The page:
is being done by volunteers. We have problems with volunteer firefighters as you do. We are trying to organize them in a way that there would be more assistance from them to the people and to the nation, and to encourage them to work more effectively-the
volunteer firefighters. The Chief of the firefighters of the
Soviet Union, whose deputy I happen to be, just published a book on volunteer firefighters. You can see the structure and I am giving it to you as a present. In voluntary firefighter societies we--the people who actually want to participate in firefighters action or to participate in preventive measure, we have all in all about 20 million people. But of course much fewer
people go on duty. This is a problem. maybe we should have less people but of higher quality. If someone enters, applies for the voluntary society. Just supporting it morally. perhaps we welcome it. Those are run by the councils of the voluntary. service in the countryside, at enterprises. in administrative regions. and the highest organs are within the republics, national republics. We have 15 union republics. states that make up the Soviet Union. We don't have any all-union voluntary firefighters organ. There is a coordination council made up from chairmen of the republican
central councils. and the chairman of this coordinating council is the chief of the firefighters of the Union. the government one. The state firefighters consult the voluntary firefighters. The leadership of the firefighting activities in the Soviet Union is carried out by the chief department of firefighters within the Ministry of the Interior. There is the vertical subordination within the ministry and horizontal through the local councils of
the people's deputies. We have--to train the firefighters we have two higher-education establishments. and two affiliates. And eight secondary education establishments. Besides the many republics and regions, we have training centers. We also have the All-Union Research Institute with affiliates. And there are two magazines that they publish. The magazine on firefighting has a circulation of 210.000 per month. for professionals and volunteers. and an information digest on firefighting information, where they give, in a nutshell. information from all firefighters magazines around the world, including the U.S. magazines. And from this we know about you, but nothing can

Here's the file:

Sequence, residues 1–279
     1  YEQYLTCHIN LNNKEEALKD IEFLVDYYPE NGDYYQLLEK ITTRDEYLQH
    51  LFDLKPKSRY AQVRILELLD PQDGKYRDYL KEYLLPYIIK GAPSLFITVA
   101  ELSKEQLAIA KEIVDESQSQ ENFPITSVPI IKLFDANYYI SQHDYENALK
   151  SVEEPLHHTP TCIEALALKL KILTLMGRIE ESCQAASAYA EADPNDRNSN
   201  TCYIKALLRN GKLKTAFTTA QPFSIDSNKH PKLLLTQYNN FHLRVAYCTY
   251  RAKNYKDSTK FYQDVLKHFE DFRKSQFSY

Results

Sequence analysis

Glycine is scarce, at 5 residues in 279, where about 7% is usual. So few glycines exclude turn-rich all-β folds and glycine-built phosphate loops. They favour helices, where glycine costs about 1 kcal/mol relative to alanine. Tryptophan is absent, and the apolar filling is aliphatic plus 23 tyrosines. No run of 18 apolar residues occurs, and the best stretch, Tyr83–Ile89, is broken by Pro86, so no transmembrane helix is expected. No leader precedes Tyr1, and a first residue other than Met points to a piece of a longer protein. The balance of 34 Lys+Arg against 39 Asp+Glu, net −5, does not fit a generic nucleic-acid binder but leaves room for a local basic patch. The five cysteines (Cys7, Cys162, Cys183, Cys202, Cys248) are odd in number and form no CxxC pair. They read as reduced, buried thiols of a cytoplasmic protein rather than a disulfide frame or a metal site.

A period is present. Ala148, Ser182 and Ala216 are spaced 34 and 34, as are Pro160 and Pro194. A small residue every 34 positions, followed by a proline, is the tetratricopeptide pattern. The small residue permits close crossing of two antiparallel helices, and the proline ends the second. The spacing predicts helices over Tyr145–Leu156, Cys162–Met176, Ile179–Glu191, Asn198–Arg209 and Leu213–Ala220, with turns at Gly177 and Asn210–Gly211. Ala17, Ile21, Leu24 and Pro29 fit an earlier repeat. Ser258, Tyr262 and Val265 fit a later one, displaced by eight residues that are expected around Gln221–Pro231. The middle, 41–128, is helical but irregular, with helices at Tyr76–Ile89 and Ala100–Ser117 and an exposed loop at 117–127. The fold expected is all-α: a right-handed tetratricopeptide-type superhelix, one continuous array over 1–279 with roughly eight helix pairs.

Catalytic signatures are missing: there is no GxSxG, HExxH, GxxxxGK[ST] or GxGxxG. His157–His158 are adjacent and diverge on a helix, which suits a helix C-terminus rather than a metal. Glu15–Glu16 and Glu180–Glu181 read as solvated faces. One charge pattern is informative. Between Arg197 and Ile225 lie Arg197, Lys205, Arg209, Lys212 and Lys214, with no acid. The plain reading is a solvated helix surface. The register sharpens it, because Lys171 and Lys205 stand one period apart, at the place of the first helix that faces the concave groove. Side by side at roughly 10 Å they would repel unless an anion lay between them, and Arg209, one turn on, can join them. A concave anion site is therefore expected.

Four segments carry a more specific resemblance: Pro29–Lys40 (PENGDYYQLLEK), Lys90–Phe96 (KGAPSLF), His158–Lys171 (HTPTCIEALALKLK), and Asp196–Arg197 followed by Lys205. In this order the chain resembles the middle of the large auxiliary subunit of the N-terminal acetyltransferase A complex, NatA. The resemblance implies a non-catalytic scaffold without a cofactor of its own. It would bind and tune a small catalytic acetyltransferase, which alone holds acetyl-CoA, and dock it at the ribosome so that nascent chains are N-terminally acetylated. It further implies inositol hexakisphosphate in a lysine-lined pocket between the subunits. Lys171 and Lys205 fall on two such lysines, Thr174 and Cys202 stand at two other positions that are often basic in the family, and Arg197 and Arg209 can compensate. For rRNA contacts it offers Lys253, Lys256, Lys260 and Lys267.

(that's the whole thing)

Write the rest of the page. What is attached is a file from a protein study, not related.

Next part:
compete with personal interaction. This is why we thank you very much for your invitation. We thought it was our duty to respond to it immediately because it is our responsibility to share and exchange experience with your about the first major fire on a nuclear power station. Once again, I am prepared to give responses to your questions to the best of my knowledge and level
of experience. But this should not represent the session before the International Agency for Atomic Energy in Vienna. Last year, we had a representative delegation going off to Vienna for the conference on security matters in nuclear energetics. We brought
over there our reports, and fielded questions for a few days, to everyone's satisfaction.
DENNIS SMITH: Thank you very much. We have a final question of the morning.
MARTINI: My name is Dave Martini. I'm with the Baltimore Gas & Electric Company. I have a couple of questions on the operation of Chernobyl. Based on the media reports that we got in this country during your accident, I understand your reactor was moderated with graphite and the tremendous heat that was developed actually caused the graphite to begin to burn. Here in this country. we we moderate most of our reactors with boronated water. Boronated water. Is your country giving any consideration to changing over its moderation? And also, have you considered enclosing each reactor in a containment vessel?
KIMSTACH: We have built three types of reactors. The reactors that function with the use of graphite and water. The type that went wrong. This type was used with the first ever. with the first nuclear power station to be built, in 1954, in the city of Ormlnsk. We didn't -- the first ones were built without a metal framework. They functioned satisfactorily for more than 30 years.
But, the Chernobyl accident showed that improvements are necessary -- of the kind that would prevent wrong actions of the operators. This reactor was quite unstable on a very low level of power. And this regime of work was not even foreseen when it was designed. And the operators' actions brought this unfortunate result. So several precautionary measures had to be
taken. As a result these power stations became less economical and effective. And they are going in perspective to be phased out. They produce overall about 50 percent of energy produced by our nuclear power stations. The other type. of a water kind,
similar to your design, with a large building enclosing the
reactor -- they account for--also ,for 50 percent of our nuclear power stations and we would use this design more extensively.
The third type is the type of the so-called quick neutrons with liquid metal heat-carrying body. And the most powerful of those has 600.000 kilowatts. Our country proposed to jointly work out and prepare design of a new type. which is now being discussed
and worked on.
DENNIS SMITH: I would like to ask now that I think in--I don't think there's any greater way to show our gratitude to General Kimstach and to Lieutenant Colonel Telyatnikov than for us to stand for a moment of silence in the memory of the firefighters who gave their lives in fulfillment of their duties. (SILENCE)
Thank you so much.

Original Format

Audio cassette


71 minutes


Telyatnikov, Leonid Petrovich, “Firefight at Chernobyl,” Fire Files Digital Library, accessed November 28, 2020,